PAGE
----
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Laurie H. (coolelle) - , - Reviews

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2 X Handke (Collier fiction)
2 X Handke (Collier fiction)
Author: Peter Handke
Book Type: Paperback
  • Currently 4/5 Stars.
 1
Review Date: 2/18/2009


Description from the back cover...

The two short novels collected in this volume, "A Moment of True Feeling" and "The Left-Handed Woman", represent a new stage in Peter Handke's career, and illustrate why he has been called "one of the most original and provocative of contemporary writers" (The New York Times Book Review). In "A Moment of True Feeling", a man with the outward appearance of success -- a respectable job, a wife, child and friends -- dreams that he has committed a murder. On awakening, he wanders the streets of Paris searching for the moment that will reveal the new meaning of his life. In "The Left-Handed Woman", considered by some to be his best novel, Handke recounts the piece-by-piece dissolution of a marriage from a young wife's point of view. "A ballet of words and images forcing all feelings to the surface," it questions the possibility of complete understanding between the sexes and confirms, once again, Peter Handke's "enormous gifts as a writer, poet and artist" (The New Republic).


3 X Handke (Collier Fiction)
3 X Handke (Collier Fiction)
Author: Peter Handke, Ralph Manheim, Peter Handke
Book Type: Paperback
  • Currently 4/5 Stars.
 1
Review Date: 2/27/2009


Description from the back cover...

"3 X Handke" contains three of Peter Handke's most popular and critically acclaimed works. In "The Goalie's Anxiety at the Penalty Kick", an alienated construction worker loses his grip on language until his misinterpreted words and misguided actions culminate in homicide. In "Short Letter, Long Farewell", the Austrian protagonist travels across America in search of his missing wife who left him with only these words: "I am in New York. Please don't look for me. It would not be nice for you to find me." And in "A Sorrow Beyond Dreams", Handke confronts the suicide of his mother in a compelling first-person narrative reminiscent of Simone de Beauvoir's "A Very Easy Death", that reads "like an explanation of a recurrent dream, a dream so vividly expressed it becomes our dream" (Chicago Sun-Times). Poignant, piercing, and powerfully suggestive, "3 X Handke" is a commanding demonstration of why Peter Handke is considered "one of the most original and provocative of contemporary writers" (The New York Times Book Review).


Changing Planes
Changing Planes
Author: Ursula K. Le Guin
Book Type: Mass Market Paperback
  • Currently 3.7/5 Stars.
 27
Review Date: 2/27/2009


Science Fiction of a Different Ilk

Funny that they put the label "Fantasy" on the spine of this book. I would call it science fiction, but then, I'm a woman, and see science fiction differently. She comments on the ways that technology and environment shape beings, rather than commenting solely on the technology and environment themselves.

I found this book somewhat repetitive toward the end, but fascinating in its perspectives.


Conundrum
Conundrum
Author: Jan Morris
Book Type: Paperback
  • Currently 3.5/5 Stars.
 1
Review Date: 9/15/2009
Helpful Score: 2


Misogyny in All Its Faces

Beautifully written and revelatory, not just for her day, but today as well. But Ms. Morris has such a dim view of women that you can't help but wonder why she would want to become one. Her stereotypical views of the roles that women are supposed to play in society, her prejudices against the "feminine" Manchester Guardian, and her shallow understanding of women's passions, both sexual and otherwise, are straight out of the fifties. She talks down to women, underestimates women, and seems determined to shove women into her misconceptions.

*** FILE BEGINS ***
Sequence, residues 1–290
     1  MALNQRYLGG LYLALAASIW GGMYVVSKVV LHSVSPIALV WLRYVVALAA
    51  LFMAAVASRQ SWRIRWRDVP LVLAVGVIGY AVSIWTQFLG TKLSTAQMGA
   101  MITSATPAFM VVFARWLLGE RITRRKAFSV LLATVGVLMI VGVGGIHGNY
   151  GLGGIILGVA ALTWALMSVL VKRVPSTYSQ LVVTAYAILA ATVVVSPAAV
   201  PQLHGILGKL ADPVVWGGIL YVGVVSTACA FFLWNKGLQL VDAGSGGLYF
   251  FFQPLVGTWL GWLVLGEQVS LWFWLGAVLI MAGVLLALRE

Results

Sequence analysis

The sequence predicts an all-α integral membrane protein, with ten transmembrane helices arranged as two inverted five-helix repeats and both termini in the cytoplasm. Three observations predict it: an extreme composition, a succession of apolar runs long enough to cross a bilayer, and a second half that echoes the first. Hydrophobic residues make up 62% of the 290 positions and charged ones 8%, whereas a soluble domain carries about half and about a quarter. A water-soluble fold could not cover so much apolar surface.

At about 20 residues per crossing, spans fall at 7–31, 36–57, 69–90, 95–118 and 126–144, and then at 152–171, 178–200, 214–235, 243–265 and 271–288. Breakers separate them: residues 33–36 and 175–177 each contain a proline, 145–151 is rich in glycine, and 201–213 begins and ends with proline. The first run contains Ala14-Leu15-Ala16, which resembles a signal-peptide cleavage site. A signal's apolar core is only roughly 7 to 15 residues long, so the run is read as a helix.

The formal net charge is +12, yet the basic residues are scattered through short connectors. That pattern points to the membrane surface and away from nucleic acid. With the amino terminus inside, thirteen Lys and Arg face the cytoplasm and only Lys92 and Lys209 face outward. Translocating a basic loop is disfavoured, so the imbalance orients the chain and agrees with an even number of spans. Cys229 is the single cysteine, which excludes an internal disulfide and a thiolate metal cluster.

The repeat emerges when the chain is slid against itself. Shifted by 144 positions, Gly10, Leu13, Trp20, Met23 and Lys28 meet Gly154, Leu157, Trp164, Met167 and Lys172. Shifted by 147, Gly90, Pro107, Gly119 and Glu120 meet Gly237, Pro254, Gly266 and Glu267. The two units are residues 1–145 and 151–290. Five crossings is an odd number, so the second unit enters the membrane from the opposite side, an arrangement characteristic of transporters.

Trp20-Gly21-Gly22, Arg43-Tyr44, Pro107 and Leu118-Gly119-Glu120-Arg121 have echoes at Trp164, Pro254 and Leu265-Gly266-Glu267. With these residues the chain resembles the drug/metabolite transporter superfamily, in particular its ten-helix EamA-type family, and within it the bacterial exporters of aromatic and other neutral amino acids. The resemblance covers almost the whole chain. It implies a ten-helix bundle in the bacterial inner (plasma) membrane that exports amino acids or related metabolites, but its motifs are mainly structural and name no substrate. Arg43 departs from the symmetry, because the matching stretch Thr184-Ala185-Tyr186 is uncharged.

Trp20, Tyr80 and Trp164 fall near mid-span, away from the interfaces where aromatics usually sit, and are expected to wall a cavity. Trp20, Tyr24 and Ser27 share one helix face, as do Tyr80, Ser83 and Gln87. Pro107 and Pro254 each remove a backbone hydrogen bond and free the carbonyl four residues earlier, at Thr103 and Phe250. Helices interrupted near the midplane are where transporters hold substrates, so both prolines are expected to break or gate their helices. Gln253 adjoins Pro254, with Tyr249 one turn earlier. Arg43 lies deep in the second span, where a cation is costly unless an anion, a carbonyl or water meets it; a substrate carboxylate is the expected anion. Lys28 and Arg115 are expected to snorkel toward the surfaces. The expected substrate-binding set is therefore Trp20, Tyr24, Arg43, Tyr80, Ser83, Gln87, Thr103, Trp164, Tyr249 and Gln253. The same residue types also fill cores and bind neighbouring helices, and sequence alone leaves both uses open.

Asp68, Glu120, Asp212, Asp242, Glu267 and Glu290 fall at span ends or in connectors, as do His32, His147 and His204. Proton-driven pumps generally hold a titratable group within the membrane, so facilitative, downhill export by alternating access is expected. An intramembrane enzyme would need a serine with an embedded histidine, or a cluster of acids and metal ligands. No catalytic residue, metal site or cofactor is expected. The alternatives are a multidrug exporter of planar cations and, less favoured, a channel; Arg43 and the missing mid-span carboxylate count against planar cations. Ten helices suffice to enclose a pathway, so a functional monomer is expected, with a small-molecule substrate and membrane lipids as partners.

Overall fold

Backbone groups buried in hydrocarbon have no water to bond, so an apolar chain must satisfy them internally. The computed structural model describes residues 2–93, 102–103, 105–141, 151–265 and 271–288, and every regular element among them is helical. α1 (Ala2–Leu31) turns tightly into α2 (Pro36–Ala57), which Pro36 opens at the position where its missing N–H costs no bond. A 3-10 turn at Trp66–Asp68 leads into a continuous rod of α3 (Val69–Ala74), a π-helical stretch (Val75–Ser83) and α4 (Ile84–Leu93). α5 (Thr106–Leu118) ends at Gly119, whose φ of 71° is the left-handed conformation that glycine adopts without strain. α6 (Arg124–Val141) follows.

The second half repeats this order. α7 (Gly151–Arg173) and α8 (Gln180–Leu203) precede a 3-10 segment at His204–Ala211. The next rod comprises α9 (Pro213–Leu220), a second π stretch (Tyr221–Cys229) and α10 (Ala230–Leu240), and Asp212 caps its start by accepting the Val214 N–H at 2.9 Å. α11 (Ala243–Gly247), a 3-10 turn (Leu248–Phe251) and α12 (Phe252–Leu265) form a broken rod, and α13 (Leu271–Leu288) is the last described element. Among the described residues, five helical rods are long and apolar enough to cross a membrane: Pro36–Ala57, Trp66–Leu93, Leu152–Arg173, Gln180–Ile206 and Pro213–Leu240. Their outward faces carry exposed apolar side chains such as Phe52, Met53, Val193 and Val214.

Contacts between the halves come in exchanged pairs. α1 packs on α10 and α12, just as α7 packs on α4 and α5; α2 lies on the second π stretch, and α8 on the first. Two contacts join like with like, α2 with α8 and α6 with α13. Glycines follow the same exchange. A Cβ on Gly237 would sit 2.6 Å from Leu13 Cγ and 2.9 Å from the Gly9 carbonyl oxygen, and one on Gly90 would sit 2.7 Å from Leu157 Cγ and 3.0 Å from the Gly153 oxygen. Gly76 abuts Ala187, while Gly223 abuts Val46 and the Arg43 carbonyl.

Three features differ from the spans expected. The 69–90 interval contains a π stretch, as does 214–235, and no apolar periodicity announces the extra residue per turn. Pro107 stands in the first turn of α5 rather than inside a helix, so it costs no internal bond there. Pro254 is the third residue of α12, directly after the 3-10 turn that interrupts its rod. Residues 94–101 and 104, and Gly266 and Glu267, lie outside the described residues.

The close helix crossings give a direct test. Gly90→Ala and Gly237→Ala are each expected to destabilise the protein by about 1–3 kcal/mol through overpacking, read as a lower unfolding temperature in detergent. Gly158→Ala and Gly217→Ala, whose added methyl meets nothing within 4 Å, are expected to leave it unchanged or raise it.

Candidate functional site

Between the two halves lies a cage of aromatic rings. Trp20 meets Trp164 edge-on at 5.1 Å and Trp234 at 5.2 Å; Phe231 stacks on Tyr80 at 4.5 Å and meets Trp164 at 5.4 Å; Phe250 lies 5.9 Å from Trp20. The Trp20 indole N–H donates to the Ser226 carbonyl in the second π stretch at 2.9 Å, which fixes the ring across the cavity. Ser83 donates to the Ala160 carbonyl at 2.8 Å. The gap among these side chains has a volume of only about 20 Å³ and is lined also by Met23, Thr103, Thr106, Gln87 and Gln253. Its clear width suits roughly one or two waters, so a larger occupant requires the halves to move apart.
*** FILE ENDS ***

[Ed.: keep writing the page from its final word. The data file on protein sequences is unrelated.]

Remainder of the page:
I rejoice that we live in a world where a person who feels they've been born into the wrong body can, relatively easily, change that body to match the way they feel inside. And society, for the most part, accepts the newly regendered person without judgment. But even more, I rejoice that we are gradually changing the world into a place where women can be accepted as equals, thought of as thinking, rational human beings, and permitted to take part in all aspects of society. I hope Ms. Morris can learn to accept such a world the way this world has accepted her.


The Crust on Its Uppers
The Crust on Its Uppers
Author: Derek Raymond
Book Type: Paperback
  • Currently 3.5/5 Stars.
 2
Review Date: 11/15/2008
Helpful Score: 1


The cockney slang is so thick that you need a dictionary beside you while you're reading it. There's a glossary up front, but it doesn't cover half of the words and phrases you need to know. After a while I got used to some of the slang that is used more frequently, but most of the time I was still lost. I gave up on page 105 of 189 -- over halfway through, but I couldn't figure out what was going on half the time, so I guess I was really only a quarter of the way through.


The Emperor of Ocean Park
The Emperor of Ocean Park
Author: Stephen L. Carter
Book Type: Hardcover
  • Currently 3.3/5 Stars.
 57
Review Date: 5/14/2009


Is Racism OK?

Apparently, if the racist is black and the object of his racism is white people, yes. Stephen Carter rails against white people in horrid generalizations and cliches in this book. It's incredibly offensive to anyone who has worked against racism or who has been a victim of racism.

In addition, the book is so depressed and negative about EVERYTHING, I can't imagine why anyone would want to read it. The protagonist hates nearly everyone, and nearly everything he comes in contact with. As he sees it, there are few redeeming qualities in anyone in his life. He loves his wife, but he criticizes her and puts her down constantly.

I couldn't finish it, and I recommend you don't start it.